In what has to be one of the most beautiful simulations I’ve ever seen, this video from the European Space Agency shows simulated interaction of solar winds with 67P/Churyumov-Gerasimenko, the famous comet targeted the Rosetta mission. “The simulated conditions represent those expected at 1.3 AU from the Sun, close to perihelion, where the comet is strongly active.”
“Sea level rise is one of the most visible signatures of our changing climate, and rising seas have profound impacts on our nation, our economy and all of humanity,” said Michael Freilich, director of NASA’s Earth Science Division. “By combining space-borne direct measurements of sea level with a host of other measurements from satellites and sensors in the oceans themselves, NASA scientists are not only tracking changes in ocean heights but are also determining the reasons for those changes.”
“Researchers at the U.S. Department of Energy’s Argonne National Laboratory will be testing the limits of computing horsepower this year with a new simulation project from the Virtual Engine Research Institute and Fuels Initiative (VERIFI) that will harness 60 million computer core hours to dispel those uncertainties and pave the way to more effective engine simulations.”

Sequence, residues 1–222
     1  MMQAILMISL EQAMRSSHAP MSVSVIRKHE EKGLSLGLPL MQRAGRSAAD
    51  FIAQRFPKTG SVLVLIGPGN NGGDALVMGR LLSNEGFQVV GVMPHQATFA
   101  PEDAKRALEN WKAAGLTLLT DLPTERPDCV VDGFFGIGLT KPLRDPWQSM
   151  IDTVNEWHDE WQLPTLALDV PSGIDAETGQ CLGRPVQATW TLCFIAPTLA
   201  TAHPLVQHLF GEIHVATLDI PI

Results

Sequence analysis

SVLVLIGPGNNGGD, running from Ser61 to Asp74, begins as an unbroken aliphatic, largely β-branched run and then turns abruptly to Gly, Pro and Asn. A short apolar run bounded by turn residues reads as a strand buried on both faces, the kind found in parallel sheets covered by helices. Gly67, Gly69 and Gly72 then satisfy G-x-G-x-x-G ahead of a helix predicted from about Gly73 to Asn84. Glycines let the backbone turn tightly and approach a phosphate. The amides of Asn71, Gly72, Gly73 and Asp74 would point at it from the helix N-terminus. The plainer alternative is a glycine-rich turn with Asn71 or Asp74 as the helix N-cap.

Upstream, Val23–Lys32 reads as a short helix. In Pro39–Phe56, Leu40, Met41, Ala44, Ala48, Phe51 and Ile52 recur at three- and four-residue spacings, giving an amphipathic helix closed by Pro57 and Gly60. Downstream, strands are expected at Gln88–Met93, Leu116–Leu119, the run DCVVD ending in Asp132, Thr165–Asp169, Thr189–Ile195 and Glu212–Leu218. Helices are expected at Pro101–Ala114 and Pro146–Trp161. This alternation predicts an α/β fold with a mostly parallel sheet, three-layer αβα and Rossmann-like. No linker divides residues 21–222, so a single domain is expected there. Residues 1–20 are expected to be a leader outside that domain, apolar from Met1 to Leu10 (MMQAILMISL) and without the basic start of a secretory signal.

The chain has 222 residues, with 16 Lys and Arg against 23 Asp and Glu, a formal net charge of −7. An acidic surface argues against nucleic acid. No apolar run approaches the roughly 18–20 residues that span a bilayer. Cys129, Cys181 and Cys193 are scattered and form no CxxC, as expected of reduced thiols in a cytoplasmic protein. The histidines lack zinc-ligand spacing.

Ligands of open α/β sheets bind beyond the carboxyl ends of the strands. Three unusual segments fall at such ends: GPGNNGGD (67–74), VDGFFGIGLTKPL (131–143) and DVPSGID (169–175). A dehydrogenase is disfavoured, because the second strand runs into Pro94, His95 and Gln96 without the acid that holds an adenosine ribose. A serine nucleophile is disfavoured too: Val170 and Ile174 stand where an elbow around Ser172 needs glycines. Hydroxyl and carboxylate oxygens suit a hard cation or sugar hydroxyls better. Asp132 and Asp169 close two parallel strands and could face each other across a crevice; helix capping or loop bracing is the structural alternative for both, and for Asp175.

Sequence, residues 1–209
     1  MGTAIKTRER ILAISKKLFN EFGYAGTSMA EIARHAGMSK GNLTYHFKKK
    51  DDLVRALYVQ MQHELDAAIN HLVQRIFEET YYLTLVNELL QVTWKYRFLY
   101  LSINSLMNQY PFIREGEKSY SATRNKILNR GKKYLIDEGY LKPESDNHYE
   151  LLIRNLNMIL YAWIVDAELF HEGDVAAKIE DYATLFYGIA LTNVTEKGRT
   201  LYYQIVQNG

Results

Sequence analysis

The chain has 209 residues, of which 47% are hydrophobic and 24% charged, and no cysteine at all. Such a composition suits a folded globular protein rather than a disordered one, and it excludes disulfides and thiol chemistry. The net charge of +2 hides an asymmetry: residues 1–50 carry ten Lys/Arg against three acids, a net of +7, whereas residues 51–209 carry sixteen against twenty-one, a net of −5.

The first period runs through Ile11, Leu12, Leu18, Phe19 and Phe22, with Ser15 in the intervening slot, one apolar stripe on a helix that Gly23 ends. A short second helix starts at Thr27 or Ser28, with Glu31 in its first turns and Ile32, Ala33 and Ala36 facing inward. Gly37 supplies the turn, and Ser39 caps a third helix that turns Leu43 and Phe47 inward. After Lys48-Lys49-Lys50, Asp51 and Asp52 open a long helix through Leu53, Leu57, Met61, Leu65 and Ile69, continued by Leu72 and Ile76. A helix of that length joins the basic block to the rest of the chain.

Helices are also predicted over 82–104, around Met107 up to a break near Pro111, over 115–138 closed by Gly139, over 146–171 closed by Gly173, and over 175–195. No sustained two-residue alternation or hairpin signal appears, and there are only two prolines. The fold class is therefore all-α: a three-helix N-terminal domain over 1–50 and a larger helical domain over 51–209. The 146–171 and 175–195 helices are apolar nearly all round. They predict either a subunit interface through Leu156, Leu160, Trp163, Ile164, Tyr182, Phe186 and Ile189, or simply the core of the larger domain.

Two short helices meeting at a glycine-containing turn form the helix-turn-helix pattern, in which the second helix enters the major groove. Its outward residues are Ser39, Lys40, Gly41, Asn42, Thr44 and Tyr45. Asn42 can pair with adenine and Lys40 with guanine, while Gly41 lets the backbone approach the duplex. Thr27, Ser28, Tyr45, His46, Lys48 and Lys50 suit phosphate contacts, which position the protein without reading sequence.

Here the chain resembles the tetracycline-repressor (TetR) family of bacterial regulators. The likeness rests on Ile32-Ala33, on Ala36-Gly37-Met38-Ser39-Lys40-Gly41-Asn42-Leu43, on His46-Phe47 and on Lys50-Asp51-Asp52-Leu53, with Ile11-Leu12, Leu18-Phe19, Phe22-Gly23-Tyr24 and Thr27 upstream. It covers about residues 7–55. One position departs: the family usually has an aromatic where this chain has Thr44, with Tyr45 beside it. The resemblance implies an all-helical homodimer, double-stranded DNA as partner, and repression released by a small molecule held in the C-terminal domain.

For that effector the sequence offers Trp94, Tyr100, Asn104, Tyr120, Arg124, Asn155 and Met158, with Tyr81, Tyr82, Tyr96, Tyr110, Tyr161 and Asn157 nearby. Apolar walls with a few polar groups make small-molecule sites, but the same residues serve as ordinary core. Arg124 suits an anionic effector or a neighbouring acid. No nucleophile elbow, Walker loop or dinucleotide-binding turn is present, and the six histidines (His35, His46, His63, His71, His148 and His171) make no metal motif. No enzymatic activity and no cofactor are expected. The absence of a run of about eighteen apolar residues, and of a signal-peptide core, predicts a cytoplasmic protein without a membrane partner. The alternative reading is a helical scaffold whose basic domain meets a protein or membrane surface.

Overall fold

Over at TACC, Jorge Salazar writes that new supercomputer simulations are helping doctors improve the repair and replacement of heart valves. “New supercomputer models have come closer than ever to capturing the behavior of normal human heart valves and their replacements, according to recent studies by groups including scientists at the Institute for Computational Engineering and Sciences (ICES) at The University of Texas at Austin and the Department of Mechanical Engineering atIowa State University.”
The Embree kernel approach, using the Intel Xeon Phi coprocessor is applicable to many situations. The implementation can be tuned to the hardware available, using different vector widths and workloads per ray. With a flexible toolkit for rendering, applications can take advantage of the latest hardware acceleration to achieve maximum performance.
“Since Hurricane Katrina made landfall in 20015, storm prediction technology has seen dramatic forward movement, from improved software to better use of observations and increased computing power – all aimed at giving emergency decision makers more time and specifics to help protect lives and property. The expert panelists in this Congressional Briefing outline research advances that have led to better forecasting of hurricane and tropical storm weather and impacts. And they spotlight research directions that hold promise for future improvements.”